4) The right tone. Even if you struggle to spot positive behavior with a student, McCormick says there are ways to let a parent know you are looking for good moments, which will make calls about behavior more productive. “Jason had a good day today,” can be reported even if there was just slight change. (The parent is likely to pass that along to the student or reward them which may improve behavior.) Set a goal of communicating three positive comments each week to parents whose children don’t generally receive them.     

5) Form a team. “The purpose in contacting home is not to complain about the student and drop the problem in the parent’s lap. Enlist their help in supporting the student and resolving the issue,” says Schwartz.  Make it clear you all need to work together—but that responsibility lies with the student.

6) Grit your teeth. As certainly as you’ll have a difficult child in your class, you’ll have a difficult parent, and researchers say you have little to gain by contributing to the conflict. The issue may color a busy administrator’s opinion of you if it ends up in their lap, or increase problems (an angry parent can provide justification for a student’s misbehavior). Try diligently to understand their concerns, remind the parent of your position and consider a “fresh start”. Consult other teachers, document interactions, inform the administration and consider requesting a parent conference. But be frank. Explain the problem and how you are handling it and avoid emotions and advice.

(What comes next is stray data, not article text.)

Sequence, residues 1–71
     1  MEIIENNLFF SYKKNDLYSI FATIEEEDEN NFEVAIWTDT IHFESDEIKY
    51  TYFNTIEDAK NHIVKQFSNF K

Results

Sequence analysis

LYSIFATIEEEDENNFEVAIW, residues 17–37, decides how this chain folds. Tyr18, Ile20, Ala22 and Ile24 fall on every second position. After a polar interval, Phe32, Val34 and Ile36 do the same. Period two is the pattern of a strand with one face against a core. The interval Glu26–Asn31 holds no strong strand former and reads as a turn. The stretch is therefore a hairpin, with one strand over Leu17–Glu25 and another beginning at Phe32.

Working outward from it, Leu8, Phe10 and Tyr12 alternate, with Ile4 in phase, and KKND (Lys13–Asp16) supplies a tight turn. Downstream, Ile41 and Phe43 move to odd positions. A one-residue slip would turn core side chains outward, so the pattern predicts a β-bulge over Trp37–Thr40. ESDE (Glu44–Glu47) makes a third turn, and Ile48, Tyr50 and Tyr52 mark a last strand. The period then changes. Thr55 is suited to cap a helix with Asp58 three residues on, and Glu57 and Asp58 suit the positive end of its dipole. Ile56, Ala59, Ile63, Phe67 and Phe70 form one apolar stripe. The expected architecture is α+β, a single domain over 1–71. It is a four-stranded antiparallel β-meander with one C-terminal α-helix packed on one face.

7) A team meeting. Parent meetings can allow others who have had similar problems to contribute and benefit. But have a clear agenda with time limits, then briefly review the challenges and focus on a path forward, prepared with classroom interventions or behavior intervention plans that give everyone (including the student and parent) a role. Have a schedule for next steps and a follow-up meeting too—a key often missed.

8) Or less formally. Home visits, are sometimes impractical but show interest and provide a better understanding of a student’s life, McCormick says. Plan for and fully utilize school-sponsored parent conferences, but also hold them yourself with a parent or small group (perhaps those whose students are misbehaving so it’s clear you’re not singling out anyone). Find out when it’s convenient for parents to meet; it might be after school hours, especially for struggling parents.         

9) Consider technology. Some parents are easier to reach via social media, but obviously platforms like Facebook should be used carefully, says McCormick. Skype and Google have translation functions if language is a barrier. Email or text messages can circulate a student behavior contract to parents and others or get a message to a parent quickly.

10) Get more information. For you or your school. McCormick’s research has shown that most teachers don’t spend time on parent communications in college or in staff development, despite the fact that it pays off and is a critical part of their job. The national PTA has some good tips about parent-teacher communications, and the National Education Association has several articles on the topic, including one about “Getting a Derailed Parent-Teacher Relationship Back on Track.” The Texas Education Association has also developed this extensive training manual that has professional development resources about parent communications and Teaching Tolerance has some good professional development tools on its page for parent engagement.

Written by Jim Paterson

Jim Paterson has been a newspaper and magazine editor and an award-winning writer for The Washington Post, USA Today Weekend, the Christian Science Monitor, Parents magazine, and a number of national and regional publications. During a break from writing he worked as a school counselor for seven years and quickly became head of a counseling department and "Counselor of the Year" in Montgomery County, Md. He now writes about education primarily. More about Jim at